The lights are on
What new ideas the game brings to the table and how well old ideas are presented.
How good a game looks, taking into account any flaws such as bad collision or pop-up.
Does the game’s music and sound effects get you involved or do they make you resolve to always play with the volume down?
Basically, the controller to human interface. The less you think about the hunk of plastic in your hands, the better the playability.
Flat out, just how fun the game is to play. The most important factor in rating a game.
Turn-based tactical games aren’t plentiful on Xbox 360, but Skulls of the Shogun helps fill the void adeptly. It’s the kind of strategy game that I love; it lets you visualize and execute your best-laid plans, even if they can go down in flames.
Skulls is a grid-based tactics game without the grid. Regular units can move and attack in any order, and you’re free to use up all or none of your units’ allotted movement – which is always shown via a real-time circle interface. In general, the game accurately shows you the outcomes of your actions, whether that’s where you can move or how much damage you’ll inflict if you attack.
That said, Skulls of the Shogun isn’t simple. The boards contain environmental concerns such as cover, deadly cliffs, and the occasional intervening events/units, and they are thoughtfully laid out (each of the four seasonal levels contains five individual boards). Resource-generating rice paddies and monk-summoning shrines are strategically placed, and their production has a relatively small cap, which thankfully keeps battles from taking forever. Commandeering an enemy shrine destroys the corresponding monk, and the rice paddies and shrines emphasize the importance of controlling resources for your army – which include the skulls dropped by fallen units that can be eaten for upgrades.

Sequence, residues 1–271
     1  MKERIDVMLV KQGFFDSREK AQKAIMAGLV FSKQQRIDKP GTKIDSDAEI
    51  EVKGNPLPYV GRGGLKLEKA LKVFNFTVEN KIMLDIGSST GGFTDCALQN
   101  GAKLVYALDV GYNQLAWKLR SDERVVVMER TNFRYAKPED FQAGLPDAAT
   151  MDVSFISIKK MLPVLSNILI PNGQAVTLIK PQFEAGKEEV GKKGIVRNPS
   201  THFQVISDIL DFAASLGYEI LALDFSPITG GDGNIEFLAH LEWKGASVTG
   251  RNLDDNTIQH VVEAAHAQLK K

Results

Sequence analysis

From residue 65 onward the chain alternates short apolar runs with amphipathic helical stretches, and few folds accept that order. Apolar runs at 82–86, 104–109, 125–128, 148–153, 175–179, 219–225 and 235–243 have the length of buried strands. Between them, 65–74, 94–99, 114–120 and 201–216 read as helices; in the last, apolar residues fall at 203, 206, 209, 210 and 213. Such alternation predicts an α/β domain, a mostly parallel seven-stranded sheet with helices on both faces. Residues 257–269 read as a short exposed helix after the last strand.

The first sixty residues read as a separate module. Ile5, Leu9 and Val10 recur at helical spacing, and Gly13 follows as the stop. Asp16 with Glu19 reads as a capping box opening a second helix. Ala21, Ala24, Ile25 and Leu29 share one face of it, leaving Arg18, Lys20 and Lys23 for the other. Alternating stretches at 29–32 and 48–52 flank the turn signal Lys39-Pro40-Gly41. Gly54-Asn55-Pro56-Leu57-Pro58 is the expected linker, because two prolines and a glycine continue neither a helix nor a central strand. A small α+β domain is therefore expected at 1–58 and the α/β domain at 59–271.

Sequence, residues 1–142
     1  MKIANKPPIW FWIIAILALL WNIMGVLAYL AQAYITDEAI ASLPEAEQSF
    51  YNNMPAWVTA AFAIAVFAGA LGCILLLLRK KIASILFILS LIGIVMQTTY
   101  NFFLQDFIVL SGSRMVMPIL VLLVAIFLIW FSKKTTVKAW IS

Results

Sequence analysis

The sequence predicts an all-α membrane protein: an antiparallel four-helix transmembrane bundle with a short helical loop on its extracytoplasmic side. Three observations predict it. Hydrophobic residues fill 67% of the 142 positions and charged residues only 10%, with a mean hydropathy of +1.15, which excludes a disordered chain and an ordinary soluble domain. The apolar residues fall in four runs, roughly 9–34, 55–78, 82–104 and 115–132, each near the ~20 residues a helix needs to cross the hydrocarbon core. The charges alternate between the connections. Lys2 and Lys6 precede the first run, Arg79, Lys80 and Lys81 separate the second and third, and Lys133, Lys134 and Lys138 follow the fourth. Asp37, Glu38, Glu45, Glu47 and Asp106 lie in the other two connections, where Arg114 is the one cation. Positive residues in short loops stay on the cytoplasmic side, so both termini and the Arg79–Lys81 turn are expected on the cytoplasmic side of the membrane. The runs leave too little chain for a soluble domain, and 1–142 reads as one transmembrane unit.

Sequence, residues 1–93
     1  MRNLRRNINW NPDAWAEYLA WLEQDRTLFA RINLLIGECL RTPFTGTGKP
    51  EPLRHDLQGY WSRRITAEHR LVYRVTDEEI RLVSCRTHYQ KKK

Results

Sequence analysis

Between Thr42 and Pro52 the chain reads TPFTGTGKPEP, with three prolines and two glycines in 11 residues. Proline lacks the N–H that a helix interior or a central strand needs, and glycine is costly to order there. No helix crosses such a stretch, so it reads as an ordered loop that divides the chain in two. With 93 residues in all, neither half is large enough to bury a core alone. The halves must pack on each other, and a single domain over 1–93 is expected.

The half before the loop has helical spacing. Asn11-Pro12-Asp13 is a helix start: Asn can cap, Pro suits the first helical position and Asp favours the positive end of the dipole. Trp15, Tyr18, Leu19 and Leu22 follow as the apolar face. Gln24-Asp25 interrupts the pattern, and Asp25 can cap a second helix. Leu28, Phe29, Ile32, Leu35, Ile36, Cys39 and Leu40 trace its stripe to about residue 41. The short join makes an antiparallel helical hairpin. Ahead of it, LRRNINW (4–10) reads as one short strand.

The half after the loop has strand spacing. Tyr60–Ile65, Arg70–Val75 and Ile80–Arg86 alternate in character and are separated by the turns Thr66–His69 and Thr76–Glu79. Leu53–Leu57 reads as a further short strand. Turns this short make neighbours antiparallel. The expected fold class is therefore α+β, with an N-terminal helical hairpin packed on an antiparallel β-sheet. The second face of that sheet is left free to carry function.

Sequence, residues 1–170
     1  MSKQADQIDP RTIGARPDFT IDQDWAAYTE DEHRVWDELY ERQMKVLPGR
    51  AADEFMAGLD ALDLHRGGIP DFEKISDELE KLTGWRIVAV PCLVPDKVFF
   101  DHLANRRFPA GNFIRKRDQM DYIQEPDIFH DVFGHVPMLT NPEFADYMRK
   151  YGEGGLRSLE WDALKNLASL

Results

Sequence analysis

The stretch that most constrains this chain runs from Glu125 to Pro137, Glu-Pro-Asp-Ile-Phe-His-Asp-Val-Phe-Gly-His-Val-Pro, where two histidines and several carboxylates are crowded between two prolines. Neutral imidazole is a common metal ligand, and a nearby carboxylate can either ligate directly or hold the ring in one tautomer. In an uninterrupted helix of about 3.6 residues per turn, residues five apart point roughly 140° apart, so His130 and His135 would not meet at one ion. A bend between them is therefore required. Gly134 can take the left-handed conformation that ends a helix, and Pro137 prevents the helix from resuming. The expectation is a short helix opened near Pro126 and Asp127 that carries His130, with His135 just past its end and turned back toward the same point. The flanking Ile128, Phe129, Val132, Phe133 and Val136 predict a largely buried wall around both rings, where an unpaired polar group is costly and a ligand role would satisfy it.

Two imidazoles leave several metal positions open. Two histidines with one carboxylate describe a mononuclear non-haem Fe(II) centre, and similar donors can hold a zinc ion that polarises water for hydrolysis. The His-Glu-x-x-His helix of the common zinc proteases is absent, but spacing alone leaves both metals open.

As easy as it is to look at a board and start to piece together your attack strategy, the AI does a good job flanking, prioritizing its actions, and keeping you guessing. Enemies did something I wasn’t expecting more than a few times, and on several occasions I thought I had the match in the bag only to have the battle continue for a dozen or more turns.
Naturally, Skulls works great as a multiplayer title, and it not only gives you the option of four-player offline and online play, but also asynchronous, turn-by-turn multiplayer that can span the 360, Windows phones, and Windows 8 PCs. The mode is further differentiated by the ability to make or break alliances with others during the free-for-all battles.
Skulls of the Shogun could have more action and upgrade options for your units (like making unit facing more important), but it’s a fun, well-executed title with a great sense of humor. Plan on playing it, even if not all your plans will come to fruition.
For more on the game, check out our Test Chamber below as well as my quick strategy guide.
Email the author Matthew Kato, or follow on Twitter, and Game Informer.